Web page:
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Sustainable Regional Economic Development via Entrepreneurship and Innovation Ecosystems

A special issue of Sustainability (ISSN 2071-1050). This special issue belongs to the section "Economic and Business Aspects of Sustainability".

Deadline for manuscript submissions: closed (30 June 2022) | Viewed by 2894

Special Issue Editors


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Guest Editor
GWU School of Business, The George Washington University, Washington, DC 20052, USA
Interests: technology road-mapping; technology transfer and commercialization; international science and technology policy; technological entrepreneurship and regional economic development
Special Issues, Collections and Topics in MDPI journals

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Guest Editor
School of Production Engineering and Management, Technical University of Crete, University Campus, 731 00 Chania, Greece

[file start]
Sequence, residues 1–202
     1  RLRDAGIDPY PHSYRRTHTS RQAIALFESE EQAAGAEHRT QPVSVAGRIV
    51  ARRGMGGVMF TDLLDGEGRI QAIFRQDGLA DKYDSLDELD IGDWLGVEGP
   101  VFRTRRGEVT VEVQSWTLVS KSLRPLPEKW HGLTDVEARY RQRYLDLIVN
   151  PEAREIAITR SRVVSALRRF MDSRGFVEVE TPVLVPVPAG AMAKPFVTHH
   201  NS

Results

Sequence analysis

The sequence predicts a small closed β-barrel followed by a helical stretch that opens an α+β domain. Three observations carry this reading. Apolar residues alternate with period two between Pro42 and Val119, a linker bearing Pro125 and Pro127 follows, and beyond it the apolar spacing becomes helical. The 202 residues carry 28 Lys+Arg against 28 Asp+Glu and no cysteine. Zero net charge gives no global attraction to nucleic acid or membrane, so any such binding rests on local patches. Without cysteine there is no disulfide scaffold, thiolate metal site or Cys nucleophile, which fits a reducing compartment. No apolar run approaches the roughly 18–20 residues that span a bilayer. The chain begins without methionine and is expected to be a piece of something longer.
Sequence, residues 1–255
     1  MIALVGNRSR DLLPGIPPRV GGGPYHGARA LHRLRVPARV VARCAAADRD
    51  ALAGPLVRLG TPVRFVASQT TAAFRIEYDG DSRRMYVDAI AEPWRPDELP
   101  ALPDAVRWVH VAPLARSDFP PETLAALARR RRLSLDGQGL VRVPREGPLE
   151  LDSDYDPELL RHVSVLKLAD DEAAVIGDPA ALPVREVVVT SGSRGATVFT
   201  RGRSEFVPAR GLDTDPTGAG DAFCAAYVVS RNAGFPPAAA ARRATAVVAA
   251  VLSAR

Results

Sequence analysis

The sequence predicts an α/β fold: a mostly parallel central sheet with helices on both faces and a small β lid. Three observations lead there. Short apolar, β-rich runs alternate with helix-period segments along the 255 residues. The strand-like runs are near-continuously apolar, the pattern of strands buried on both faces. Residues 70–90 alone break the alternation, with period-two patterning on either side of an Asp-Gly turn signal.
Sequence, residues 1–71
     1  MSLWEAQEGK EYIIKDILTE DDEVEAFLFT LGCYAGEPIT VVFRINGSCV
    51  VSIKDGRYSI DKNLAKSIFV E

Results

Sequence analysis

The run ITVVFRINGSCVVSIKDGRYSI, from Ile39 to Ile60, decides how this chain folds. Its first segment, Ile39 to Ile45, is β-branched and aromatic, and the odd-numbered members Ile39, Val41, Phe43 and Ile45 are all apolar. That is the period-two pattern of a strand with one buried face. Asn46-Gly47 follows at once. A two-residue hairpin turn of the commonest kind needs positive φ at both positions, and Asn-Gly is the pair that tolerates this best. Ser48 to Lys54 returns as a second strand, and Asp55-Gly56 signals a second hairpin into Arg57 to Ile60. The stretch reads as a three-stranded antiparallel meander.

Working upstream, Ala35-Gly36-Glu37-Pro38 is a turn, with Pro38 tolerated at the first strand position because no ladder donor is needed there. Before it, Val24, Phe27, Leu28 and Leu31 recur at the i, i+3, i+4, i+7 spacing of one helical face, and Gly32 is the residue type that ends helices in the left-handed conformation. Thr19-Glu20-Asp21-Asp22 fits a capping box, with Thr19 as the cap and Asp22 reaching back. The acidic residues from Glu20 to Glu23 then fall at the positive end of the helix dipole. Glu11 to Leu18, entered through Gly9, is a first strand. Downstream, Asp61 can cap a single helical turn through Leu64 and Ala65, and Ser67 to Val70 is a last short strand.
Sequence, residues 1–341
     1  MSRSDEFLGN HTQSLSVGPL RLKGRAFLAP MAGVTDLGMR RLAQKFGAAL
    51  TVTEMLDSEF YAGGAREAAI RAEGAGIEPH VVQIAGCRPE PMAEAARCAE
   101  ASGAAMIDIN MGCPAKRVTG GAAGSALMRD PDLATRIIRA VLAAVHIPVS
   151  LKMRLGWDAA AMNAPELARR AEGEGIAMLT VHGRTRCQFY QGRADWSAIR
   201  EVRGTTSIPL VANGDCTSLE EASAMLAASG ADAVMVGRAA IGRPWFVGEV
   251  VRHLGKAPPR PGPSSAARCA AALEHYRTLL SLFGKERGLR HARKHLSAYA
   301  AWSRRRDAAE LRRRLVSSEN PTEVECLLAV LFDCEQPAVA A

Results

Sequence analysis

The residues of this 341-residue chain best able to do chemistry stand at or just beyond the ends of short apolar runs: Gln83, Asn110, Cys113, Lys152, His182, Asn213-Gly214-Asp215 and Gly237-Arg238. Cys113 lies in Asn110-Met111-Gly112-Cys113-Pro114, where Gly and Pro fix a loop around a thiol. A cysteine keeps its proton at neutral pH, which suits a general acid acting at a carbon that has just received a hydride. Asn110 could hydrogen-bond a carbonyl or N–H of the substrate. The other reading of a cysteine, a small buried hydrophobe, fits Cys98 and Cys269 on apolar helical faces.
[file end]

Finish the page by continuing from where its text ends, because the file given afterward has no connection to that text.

Interests: customer and employee satisfaction; service quality; multicriteria decision analysis; sustainability assessment
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Guest Editor
Department for Higher Education Research, University for Continuing Education Krems, A-3500 Krems, Austria
Interests: art and arts (artistic research); higher education systems; innovation; quadruple and quintuple helix innovation systems; quality of democracy; research; knowledge; knowledge democracy and knowledge economy; third mission
Special Issues, Collections and Topics in MDPI journals

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Guest Editor
Wells Fargo Bank, San Diego, CA, USA
Interests: technology; innovation; entrepreneurship; knowledge management; organizational learning

Special Issue Information

Dear Colleagues,

The increased number of studies in sustainable regional economic development highlight the necessity of a ecosystemic approach that will be able to identify, recognize, access and integrate knowledge assets more effectively and efficiently to derive, develop and capture non‐appropriable, defensible, sustainable and scalable pecuniary benefits. Such an approach can focus on smart, sustainable and inclusive growth of regions, emphasizing the Quadruple and Quintuple Innovation Helix models which empower civil society on a triple‐bottom‐line‐centric basis (i.e. environmentally, financially and